WRITING W/ STYLE: A Guide To Adjectives
PART ONE: A GUIDE TO THE BASIC TERMINOLOGY
(passage photographed from my copy of the sexy Sin and Syntax by Constance Hale, whose* chapter on adjectives serves as primary inspiration forthis first section of Writing w/ Style)
Before we can start pulling back on our indiscriminate, eager, and loathful** adjective abuse as writers, we first have to understand the squirmy bastards. The following are definitions (with a little sass) and examples, because nobody remembers their middle school grammar lessons word for word.
THE THREE TRUE FORMS OF ADJECTIVES
Verbals: Participles (transformed by his performance, learning to get along, she shared the booty) and infinitives (to watch, to catch) are both verbals (which are, put simply, verbs that had a midlife crisis and function as a noun or a modifier in the way that my Uncle Vinnie functions as a stripper instead of an accountant) that act as adjectives in a sentence.
Limiting Adjectives: Numbers - ordinal (the sixth time she did it) and cardinal (the movie is three hours long?); articles (a cat, the door, a house, the girl); interrogative, indefinite, and demonstrative pronouns (which bathroom, that dorm, any person); and possessive nouns and pronouns (my guide, james’attitude) are all ‘limiting’ adjectives, or adjectives that modify the nouns to which they are applied by restricting rather than describing or qualifying.
Predicate Adjectives: To refresh your memory, the predicate is the part of a sentence w/ a verb that states something about the subject. HOWEVER, modern grammar, influenced by predicate calculus and moody domineering mathematicians, views them in a more expansive manner:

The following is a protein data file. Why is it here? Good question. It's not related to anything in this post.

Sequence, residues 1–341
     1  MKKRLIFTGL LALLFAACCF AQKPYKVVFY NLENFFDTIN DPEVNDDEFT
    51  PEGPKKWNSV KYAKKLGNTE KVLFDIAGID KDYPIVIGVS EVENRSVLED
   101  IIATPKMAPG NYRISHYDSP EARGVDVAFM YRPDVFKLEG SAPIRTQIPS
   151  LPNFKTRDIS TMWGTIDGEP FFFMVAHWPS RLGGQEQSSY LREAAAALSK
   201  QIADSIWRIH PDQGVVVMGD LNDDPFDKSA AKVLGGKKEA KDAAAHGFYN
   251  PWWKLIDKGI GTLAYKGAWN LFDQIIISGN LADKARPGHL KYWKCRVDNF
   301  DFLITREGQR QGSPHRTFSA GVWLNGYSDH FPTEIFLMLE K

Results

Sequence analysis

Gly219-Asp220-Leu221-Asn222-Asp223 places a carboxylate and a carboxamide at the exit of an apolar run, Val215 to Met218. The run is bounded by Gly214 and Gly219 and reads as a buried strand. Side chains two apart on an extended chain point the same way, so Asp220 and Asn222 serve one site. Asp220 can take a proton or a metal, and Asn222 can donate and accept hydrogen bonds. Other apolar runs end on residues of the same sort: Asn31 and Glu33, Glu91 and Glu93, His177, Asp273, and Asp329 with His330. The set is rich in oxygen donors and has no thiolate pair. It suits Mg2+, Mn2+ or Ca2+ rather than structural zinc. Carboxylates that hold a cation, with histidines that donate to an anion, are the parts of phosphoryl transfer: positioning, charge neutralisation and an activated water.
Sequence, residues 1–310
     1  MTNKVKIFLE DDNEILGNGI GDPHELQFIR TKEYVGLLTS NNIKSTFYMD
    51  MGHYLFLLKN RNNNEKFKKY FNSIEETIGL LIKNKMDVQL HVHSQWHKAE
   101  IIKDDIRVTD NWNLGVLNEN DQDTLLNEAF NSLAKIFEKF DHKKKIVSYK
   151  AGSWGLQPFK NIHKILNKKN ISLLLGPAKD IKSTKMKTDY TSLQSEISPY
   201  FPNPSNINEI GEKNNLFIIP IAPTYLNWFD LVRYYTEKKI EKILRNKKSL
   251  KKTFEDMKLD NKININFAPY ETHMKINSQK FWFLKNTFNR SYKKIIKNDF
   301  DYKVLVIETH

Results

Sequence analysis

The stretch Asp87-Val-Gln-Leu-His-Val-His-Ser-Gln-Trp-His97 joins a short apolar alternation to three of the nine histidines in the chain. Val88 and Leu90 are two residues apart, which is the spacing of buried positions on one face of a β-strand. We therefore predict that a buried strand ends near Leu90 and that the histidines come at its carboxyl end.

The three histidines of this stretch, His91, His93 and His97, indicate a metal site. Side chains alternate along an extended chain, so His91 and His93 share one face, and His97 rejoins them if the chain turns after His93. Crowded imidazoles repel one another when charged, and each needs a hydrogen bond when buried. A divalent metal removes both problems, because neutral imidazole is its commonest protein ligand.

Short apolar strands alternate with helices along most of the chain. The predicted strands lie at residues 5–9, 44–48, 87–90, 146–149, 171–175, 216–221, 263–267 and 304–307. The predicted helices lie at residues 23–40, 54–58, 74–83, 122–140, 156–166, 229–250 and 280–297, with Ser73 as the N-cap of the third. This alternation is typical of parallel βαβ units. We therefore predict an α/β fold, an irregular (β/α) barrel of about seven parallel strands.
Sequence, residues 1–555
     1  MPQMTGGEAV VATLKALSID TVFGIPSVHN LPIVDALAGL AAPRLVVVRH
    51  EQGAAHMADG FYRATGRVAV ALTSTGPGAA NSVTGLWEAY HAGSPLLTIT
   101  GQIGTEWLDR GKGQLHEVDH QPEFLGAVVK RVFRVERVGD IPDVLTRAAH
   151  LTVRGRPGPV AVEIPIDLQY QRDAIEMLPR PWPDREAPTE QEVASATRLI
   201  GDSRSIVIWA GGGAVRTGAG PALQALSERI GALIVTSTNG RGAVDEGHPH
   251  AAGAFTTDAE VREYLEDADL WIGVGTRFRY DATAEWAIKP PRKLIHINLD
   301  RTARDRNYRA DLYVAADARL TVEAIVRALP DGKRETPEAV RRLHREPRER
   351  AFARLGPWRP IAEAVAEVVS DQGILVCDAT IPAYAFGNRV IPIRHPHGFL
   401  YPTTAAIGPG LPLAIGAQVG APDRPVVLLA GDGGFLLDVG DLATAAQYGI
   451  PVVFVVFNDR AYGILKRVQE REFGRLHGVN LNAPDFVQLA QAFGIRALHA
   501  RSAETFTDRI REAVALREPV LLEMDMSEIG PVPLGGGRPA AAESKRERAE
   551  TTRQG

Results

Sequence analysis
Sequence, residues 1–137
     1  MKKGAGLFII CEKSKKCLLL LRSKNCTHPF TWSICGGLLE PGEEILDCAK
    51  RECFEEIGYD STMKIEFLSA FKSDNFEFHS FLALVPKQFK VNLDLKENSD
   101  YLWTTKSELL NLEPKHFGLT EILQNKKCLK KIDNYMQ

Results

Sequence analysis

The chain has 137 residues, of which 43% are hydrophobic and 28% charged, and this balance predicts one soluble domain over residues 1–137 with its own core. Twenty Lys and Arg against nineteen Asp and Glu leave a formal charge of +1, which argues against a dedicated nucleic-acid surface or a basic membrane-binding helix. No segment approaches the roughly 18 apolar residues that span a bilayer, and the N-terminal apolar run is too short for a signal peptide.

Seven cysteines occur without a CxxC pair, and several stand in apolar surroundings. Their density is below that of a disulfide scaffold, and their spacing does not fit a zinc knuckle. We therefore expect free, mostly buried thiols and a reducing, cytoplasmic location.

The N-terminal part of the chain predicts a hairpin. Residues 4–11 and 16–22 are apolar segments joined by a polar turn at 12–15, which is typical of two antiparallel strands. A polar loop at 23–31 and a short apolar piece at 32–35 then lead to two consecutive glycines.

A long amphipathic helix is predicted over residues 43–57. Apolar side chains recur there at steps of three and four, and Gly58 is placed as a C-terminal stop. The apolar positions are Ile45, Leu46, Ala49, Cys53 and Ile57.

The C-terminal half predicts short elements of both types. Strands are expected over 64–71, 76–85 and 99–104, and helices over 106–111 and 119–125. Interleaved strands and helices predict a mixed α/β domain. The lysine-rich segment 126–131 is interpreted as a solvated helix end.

In contemporary linguistics a predicate serves as a function over an argument, assigning a property to a single argument and relating multiple.
I will go into the specifics of the logic-based predicate theory at length in a special post, (focusing on the concept of valency – monovalent, bivalent, trivalent and avalent predicates) but this is all you need for now.
Basically, any word that either modifies the subject of a sentence and is connected by a linking verb, or serves quantify an argument, is a ‘predicate’ adjective. Some examples (where the predicate adjective is italicized):
- You seem tired today.
- Stephen is grumpy.
- The pizza tastes great.
- Cols gave Nik his cookie.
NEXT: ADJECTIVES PART II: SKILLED USAGE/WHAT YOU COULD DO
*before you jump on me, whose is the only english word that can be used to refer to an inanimate antecedent.
** I died inside writing this sentence.